The court granted the motion, and Tapley was thereafter convicted. Subsequently, Tapley appealed, claiming, inter alia, “that the dog’s presence violated his right to a fair trial because it created undue sympathy for R.L.” The court disagreed, finding that

“[a]ll of the courts which have examined a challenge to the use of a comfort dog in a courtroom have concluded that the dog’s presence is not inherently prejudicial.” Commonwealth v. Purnell, 233 A.3d 824, 836 (Pa. Super. Ct. 2020). In particular, the Washington Supreme Court examined this issue in the context of a facility dog in State v. Dye, 309 P.3d 1192 (Wash. 2013). The defendant there argued that, among other things, the dog’s presence improperly bolstered the main witness’s credibility by giving his testimony an “‘aura of truth and sympathy’” and that the dog made the witness look pitiful and like a victim who was telling the truth….The court stated that none of the defendant’s theories had any basis in the record and that defense counsel had conducted an extensive cross-examination of the witness….It further stated that “whatever subconscious bias may have befallen the jury was cured by the trial court’s limiting instruction, which cautioned the jury not to ‘make any assumptions or draw any conclusions based on the presence of this service dog.’”…Similarly, in People v. Tohom, 109 A.D.3d 253, 268 (N.Y. App. Div. 2013), the court concluded that a facility dog’s accompaniment of the 15-year-old alleged victim “did not adversely affect the defendant’s due process right to a fair trial or compromise his constitutional right of confrontation.” The court stated that it was not unmindful that the dog “may have engendered some sympathy for [the witness] in the minds of the jurors,” but it noted that there was “no proof that such sympathy was significantly greater than the normal human response to a child’s testimony about his or her sexual abuse at the hands of an adult.”…The court further noted that the trial court instructed the jury not to allow sympathy to enter into its considerations, especially with respect to an outside factor like the facility dog.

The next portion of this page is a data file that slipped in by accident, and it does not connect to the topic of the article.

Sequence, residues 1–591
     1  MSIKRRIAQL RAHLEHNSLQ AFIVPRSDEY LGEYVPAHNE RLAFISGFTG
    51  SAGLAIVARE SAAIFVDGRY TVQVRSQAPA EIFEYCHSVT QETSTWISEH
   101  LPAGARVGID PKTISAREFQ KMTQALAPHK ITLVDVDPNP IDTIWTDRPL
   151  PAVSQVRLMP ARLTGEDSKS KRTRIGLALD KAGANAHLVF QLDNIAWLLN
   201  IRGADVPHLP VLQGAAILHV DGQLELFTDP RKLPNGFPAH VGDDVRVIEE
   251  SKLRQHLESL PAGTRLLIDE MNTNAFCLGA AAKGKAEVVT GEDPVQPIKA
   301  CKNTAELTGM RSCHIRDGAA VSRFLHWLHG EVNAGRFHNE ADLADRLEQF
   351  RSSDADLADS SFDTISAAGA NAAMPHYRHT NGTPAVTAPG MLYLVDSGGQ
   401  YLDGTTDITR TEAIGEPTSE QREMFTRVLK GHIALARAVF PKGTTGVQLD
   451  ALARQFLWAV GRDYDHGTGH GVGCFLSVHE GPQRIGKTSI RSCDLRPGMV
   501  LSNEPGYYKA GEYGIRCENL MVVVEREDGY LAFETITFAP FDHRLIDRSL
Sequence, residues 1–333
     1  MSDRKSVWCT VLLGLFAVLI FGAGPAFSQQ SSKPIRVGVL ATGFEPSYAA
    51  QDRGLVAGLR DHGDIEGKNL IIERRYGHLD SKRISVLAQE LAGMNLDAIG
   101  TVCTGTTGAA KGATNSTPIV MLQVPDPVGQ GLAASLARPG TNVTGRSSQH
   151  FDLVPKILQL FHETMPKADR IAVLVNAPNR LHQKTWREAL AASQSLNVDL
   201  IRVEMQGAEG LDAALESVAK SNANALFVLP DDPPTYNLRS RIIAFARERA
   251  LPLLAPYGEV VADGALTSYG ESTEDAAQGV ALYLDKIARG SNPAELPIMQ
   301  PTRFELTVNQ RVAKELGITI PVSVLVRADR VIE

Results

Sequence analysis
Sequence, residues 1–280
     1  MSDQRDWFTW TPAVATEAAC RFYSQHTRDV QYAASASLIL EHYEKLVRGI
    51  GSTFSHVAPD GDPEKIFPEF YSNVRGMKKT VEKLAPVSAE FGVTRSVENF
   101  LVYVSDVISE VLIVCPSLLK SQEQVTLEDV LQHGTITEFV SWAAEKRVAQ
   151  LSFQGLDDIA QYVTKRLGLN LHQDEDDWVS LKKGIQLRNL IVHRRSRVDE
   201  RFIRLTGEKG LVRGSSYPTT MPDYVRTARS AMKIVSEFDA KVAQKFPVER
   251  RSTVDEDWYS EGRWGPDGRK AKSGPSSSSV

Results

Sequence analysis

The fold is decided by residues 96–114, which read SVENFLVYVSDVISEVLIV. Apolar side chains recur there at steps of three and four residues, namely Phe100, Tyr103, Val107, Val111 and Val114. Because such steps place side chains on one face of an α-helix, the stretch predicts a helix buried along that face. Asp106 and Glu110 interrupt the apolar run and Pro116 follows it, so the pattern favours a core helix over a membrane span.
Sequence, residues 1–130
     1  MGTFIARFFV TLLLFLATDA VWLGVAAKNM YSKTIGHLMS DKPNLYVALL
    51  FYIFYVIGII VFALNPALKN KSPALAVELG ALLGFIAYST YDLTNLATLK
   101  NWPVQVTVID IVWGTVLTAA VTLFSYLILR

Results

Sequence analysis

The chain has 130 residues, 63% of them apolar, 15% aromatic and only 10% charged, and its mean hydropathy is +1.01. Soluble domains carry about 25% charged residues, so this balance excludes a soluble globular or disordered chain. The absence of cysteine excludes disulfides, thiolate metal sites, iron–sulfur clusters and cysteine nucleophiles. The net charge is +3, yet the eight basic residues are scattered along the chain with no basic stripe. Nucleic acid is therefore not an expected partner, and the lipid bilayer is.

Applying this analysis to the case at hand, the court concluded thatA similar analysis applies here, with even greater consideration given to R.L.’s position because she requested the dog’s presence under the ADA. The trial court had to balance defendant’s right to a fair trial with R.L.’s rights under the ADA and as a minor who was a victim of sexual abuse. Indeed, according to the record, R.L. allegedly suffered from PTSD in the first place because of defendant’s actions….We also note that the Supreme Court of Illinois Policy on Access for Persons with Disabilities states that the “Court will honor the choice of the individual, unless it demonstrates that another equally effective accommodation is available, or that the requested accommodation would result in a fundamental alteration of Court activities or undue financial and administrative burdens.”…The trial court had a gate installed on the witness box to obstruct the jury’s view of the dog and held a separate hearing with the dog present so that the parties could view how the dog would be seated next to R.L. during the trial. R.L. and the State disclosed that the dog would probably get on her lap while she testified, because it was one of the dog’s “commands” when R.L. was anxious, and the trial court stated that R.L. should minimize that as much as possible. The trial court further stated that R.L. would be seated with the dog before the jury was brought in and that, after her testimony, the jury would leave the courtroom before R.L. and the dog got up. Before R.L. testified, the trial court instructed the jury in detail regarding the dog, stating: “Ladies and Gentlemen of the Jury, I want to instruct you at this time that the witness has a service dog with her while she testifies. You are not to draw any inference in favor or against either side because of the dog’s presence. And the focus of your attention should be on the testimony of the witness. The presence of the service dog in the courtroom shall not be considered in any way in the jury’s deliberations or verdicts.”